Named not for its commonality but for the peculiar effect it has on the human mind - though it appears quite monstrous indeed, it can mislead people into thinking it is an ordinary person who has been with them all along.
Without the veil of its deception, a croach can be seen to be a fleshy, conical body, like a human's head and armless torso with a sheet of skin stretched over it, terminating in a chaotic mass of legs branching off from its hips and each other.
Studying into the origin of the croach carries a similar effect. Researches conclude that croaches must be their second cousins, or neighbours they politely ignore.
AC: As leather
Move: As horse
Attack: 1d8 Kick + save vs. strength or be knocked back 10 ft. & prone, or grapple and carry off with strength 15
Commonplace Encroachment: A commonplace croach ambushes on a 5-in-6. If this ambush is successful, the croach insinuates itself into the party. The DM shouldn't outright say that there is a new member of the party, but imply so and reveal it if the party does a headcount or somesuch. For its part the croach will wait for or create an opportunity that allows it to isolate another member of the party and then brutalize them. Having a dog in the party reduces this chance to a 3-in-6. Having a bird or cat in the party nullifies the chance entirely.
A plague upon the Rivenlands, that lush territory where human expansion is limited by the unearthed ordinances of a thousand years of war. Perhaps the trenchmaul is one of those ordinances, or perhaps it's just a natural creature that adapted to the deadly front.
The trenchmaul is a beast with several bodies. The most important of these is its feeding body - a man-sized lump that resembles a meaty sweet potato with a four-lobed mouth on its side, most often buried 10 feet or so underground. Its other bodies - its hunting bodies - are dog-sized things between a lobster and a cricket, with broad and shovel-like claws. These are connected to the feeding body by tough intestinal/neural tubes.
Hunting bodies will attack moving animals, and assume motionless animals are dead and drag them underground to the feeding body. An encountered trenchmaul with have 2d4 hunting bodies.
AC: As unarmoured
Attack: Bite 1d8
AC: As leather, connective tube has AC as plate and 1 HP, if severed then hunting body dies a round later.
Move: As walking man while digging, as running man above ground
Attack: 1d6 snip or Drag Down
Morale: 6, 10 in defense of feeding body
Drag Down: If attacking a target from below, a trenchmaul will attempt to partially drag it down into the dirt. Win opposed strength test vs. strength 12 or be dragged into the dirt down to your knees. After that you're immobilized until you spend a full round making another opposed strength test vs. strength 12 or your pals help pull you out.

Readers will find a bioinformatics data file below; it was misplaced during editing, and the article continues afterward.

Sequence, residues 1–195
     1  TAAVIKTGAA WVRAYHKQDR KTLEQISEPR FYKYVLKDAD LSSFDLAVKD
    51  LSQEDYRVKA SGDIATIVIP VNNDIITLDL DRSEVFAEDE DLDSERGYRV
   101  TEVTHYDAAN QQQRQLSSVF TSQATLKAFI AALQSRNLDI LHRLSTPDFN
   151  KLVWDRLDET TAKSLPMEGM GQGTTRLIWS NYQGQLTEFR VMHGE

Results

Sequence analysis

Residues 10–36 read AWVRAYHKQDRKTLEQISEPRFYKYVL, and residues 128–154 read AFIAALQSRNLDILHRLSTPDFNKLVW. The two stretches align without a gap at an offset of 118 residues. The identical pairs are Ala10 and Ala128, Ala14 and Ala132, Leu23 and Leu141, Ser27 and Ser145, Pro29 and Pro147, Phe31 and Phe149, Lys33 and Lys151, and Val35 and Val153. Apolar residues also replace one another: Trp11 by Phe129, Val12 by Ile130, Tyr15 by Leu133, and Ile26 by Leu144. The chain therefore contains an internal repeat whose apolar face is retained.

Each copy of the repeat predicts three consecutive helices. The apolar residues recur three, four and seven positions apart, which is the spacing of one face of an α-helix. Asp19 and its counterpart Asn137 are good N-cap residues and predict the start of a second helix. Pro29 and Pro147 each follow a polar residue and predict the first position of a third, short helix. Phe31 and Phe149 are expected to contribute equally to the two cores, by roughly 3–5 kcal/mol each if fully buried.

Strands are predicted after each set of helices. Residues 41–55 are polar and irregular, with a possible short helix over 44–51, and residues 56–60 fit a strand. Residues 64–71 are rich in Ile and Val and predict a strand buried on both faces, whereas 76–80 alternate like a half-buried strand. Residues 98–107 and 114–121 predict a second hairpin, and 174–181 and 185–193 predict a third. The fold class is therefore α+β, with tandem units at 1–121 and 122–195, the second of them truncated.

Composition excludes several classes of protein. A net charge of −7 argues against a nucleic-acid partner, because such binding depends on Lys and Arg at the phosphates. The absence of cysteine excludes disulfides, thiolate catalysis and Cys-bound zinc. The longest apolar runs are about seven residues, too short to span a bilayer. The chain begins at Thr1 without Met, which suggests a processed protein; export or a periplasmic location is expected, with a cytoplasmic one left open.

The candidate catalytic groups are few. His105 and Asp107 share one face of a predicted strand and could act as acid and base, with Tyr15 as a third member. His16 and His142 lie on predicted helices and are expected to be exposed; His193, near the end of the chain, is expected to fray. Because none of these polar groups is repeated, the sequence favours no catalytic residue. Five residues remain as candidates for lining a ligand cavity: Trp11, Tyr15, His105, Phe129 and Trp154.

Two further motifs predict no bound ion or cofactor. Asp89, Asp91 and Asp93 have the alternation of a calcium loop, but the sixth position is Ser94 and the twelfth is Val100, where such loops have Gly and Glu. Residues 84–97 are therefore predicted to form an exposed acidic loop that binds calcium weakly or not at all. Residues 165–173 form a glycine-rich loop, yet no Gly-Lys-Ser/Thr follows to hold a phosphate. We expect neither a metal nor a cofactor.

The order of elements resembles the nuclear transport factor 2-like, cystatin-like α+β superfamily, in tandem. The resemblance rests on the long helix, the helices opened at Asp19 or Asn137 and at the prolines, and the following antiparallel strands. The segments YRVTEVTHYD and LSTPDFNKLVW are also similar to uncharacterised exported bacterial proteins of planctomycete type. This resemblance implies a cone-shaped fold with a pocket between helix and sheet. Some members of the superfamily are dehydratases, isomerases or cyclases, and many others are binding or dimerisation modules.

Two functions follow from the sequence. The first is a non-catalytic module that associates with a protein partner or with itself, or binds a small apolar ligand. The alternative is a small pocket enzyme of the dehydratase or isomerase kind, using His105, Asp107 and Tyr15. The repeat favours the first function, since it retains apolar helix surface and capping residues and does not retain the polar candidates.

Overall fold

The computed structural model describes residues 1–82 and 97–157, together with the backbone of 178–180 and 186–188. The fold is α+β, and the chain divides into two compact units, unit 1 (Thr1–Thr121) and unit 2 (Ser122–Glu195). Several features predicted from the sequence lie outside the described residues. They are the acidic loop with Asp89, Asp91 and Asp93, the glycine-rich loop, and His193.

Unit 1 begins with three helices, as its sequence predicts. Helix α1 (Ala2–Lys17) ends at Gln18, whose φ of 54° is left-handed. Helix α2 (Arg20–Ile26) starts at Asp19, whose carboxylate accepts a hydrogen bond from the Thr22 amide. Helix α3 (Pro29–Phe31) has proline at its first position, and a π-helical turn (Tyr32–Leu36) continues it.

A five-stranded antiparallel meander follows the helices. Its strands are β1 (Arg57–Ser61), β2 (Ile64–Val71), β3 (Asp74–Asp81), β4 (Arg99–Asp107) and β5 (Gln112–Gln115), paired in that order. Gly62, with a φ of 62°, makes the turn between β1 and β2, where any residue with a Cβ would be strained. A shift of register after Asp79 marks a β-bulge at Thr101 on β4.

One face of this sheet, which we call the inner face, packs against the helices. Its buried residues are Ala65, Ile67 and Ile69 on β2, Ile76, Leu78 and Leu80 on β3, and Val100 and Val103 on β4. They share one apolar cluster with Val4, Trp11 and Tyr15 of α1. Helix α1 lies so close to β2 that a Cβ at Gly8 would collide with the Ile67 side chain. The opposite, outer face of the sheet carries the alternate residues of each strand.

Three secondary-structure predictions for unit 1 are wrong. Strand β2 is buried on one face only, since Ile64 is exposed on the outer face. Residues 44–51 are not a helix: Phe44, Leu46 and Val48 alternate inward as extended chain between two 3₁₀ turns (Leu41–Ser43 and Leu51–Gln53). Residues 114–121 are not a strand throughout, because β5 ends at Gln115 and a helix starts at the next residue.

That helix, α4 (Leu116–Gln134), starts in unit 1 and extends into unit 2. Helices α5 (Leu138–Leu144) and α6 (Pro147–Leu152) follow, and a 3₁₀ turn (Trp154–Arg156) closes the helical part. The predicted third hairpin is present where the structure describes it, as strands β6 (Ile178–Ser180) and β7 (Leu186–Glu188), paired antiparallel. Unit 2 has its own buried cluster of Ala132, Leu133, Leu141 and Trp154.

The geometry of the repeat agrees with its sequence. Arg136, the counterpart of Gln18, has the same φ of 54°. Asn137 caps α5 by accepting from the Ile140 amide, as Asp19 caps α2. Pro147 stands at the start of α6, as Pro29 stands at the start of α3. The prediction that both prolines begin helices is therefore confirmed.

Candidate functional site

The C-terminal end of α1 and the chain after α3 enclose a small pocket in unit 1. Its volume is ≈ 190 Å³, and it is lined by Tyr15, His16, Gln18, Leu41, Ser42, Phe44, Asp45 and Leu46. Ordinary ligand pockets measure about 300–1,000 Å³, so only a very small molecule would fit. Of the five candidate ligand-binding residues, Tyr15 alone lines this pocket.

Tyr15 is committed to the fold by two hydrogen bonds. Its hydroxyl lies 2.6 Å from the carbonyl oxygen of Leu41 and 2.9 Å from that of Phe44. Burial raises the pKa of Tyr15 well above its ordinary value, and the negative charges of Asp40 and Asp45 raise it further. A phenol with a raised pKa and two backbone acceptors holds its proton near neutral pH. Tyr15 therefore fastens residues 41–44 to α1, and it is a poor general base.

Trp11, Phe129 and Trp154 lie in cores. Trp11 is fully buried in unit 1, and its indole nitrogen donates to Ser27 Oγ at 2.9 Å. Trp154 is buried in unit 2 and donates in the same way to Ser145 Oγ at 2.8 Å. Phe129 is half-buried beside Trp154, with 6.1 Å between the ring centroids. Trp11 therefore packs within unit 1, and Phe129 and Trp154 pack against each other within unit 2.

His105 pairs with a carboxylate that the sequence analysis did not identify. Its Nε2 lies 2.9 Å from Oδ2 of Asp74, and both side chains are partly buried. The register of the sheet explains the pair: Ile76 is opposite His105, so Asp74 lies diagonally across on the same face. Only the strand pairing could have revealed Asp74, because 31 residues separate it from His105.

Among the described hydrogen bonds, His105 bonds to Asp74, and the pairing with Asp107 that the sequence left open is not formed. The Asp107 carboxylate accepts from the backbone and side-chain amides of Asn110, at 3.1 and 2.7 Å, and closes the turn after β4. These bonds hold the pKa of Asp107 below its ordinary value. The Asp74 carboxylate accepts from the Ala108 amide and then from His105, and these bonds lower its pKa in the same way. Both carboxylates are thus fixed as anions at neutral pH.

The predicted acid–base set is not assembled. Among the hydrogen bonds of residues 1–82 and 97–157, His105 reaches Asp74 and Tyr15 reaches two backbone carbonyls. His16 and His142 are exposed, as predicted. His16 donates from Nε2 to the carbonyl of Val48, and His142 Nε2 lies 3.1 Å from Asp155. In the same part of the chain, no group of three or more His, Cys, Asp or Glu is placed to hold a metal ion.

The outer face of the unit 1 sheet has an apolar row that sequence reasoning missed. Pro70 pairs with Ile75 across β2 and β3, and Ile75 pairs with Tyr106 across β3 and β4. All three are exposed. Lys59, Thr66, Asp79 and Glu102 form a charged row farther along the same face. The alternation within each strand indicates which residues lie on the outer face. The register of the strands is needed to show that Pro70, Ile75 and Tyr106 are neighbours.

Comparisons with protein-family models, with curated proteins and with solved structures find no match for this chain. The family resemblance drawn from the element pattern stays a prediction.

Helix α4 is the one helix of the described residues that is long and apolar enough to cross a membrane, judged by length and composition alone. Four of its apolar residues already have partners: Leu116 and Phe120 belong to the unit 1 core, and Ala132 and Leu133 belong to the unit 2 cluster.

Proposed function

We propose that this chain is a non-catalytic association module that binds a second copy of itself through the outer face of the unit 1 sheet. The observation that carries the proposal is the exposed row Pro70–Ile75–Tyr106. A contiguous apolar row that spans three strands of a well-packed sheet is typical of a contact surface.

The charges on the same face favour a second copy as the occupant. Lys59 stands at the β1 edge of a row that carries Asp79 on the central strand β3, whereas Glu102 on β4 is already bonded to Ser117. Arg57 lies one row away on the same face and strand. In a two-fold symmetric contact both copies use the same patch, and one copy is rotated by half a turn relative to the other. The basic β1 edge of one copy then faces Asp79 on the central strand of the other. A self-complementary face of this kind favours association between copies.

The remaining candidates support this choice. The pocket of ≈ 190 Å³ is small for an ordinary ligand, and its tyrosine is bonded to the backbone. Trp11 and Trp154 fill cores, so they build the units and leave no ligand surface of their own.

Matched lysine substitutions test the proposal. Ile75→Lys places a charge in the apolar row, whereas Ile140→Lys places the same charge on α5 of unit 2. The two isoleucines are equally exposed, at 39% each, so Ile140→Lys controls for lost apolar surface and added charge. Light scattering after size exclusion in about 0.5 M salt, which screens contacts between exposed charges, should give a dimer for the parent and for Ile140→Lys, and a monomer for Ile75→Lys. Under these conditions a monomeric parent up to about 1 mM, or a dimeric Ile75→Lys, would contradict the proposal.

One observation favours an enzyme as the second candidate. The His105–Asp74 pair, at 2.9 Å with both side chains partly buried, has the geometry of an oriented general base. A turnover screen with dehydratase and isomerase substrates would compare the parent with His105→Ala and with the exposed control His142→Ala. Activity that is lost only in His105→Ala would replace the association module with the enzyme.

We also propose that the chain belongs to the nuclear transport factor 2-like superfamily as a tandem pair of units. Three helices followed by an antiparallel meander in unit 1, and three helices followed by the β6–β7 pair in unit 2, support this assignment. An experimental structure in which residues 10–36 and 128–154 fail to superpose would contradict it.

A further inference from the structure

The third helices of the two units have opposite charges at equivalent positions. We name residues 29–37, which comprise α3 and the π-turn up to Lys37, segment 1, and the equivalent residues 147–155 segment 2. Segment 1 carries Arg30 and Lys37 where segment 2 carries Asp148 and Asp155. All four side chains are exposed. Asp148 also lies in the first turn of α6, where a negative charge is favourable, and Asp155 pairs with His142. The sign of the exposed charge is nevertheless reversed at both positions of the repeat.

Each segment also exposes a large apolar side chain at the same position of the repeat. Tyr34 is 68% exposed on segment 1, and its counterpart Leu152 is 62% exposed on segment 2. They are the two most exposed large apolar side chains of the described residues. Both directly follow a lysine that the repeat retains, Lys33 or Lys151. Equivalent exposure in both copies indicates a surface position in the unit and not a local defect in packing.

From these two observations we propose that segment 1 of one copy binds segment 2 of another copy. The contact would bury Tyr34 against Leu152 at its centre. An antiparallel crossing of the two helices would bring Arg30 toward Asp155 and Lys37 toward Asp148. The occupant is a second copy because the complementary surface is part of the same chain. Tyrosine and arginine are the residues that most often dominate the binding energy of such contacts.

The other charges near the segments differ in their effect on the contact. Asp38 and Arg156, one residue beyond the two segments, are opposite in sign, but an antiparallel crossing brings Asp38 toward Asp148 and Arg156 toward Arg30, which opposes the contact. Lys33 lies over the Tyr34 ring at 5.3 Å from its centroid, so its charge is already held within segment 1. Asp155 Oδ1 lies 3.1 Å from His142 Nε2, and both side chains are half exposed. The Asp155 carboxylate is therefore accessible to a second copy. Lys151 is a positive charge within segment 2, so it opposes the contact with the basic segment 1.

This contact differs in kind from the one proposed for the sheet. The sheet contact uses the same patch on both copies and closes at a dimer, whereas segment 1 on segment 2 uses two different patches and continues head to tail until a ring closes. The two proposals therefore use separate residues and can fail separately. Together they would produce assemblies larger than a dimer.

A fey gentleman with perfectly-coifed red-and-white hair and goatee, dressed in a green cape with brooches fixed with feathers and fur.
He fancies himself the justice for those outside the law: for the penned and hunted beasts and birds on which humanity feasts. When encountered he'll observe from a distance or question the party to suss out their eating habits. Vegetarians get his respect.
Those who've killed animals are made to stand trial and suffer the hunt from the preys' perspective. If they can argue that they showed respect to their prey they'll receive similar consideration - a head start or somesuch.
If bested, the todlowery will owe a boon, such as posing the same test to a rival party or revealing the location of treasure hidden in the forest.
HD: 4, or as animal form
AC: As leather, or as animal form
Move: As man, or as animal form
Attack: As weapon (typically a rapier or woodsman's axe) or as animal form, or Predatory Polymorph
Predatory Polymorph: The todlowery's preferred method of attack is to transform his targets into prey animals, and himself into their predator. When targeting a group, only the target with the highest save makes a roll - if they pass then so does the whole group, if not then they're all transformed. The todlowery must transform with them. The transformation lasts until sunset or sunrise, or until he's defeated or soundly escaped from.
Some example predator/prey pairings are as follows:
1. Fox & chickens
2. Weasel & rats
3. Dog & hares
4. Cat & sparrows
5. Eagle & monkeys
6. Bear & deer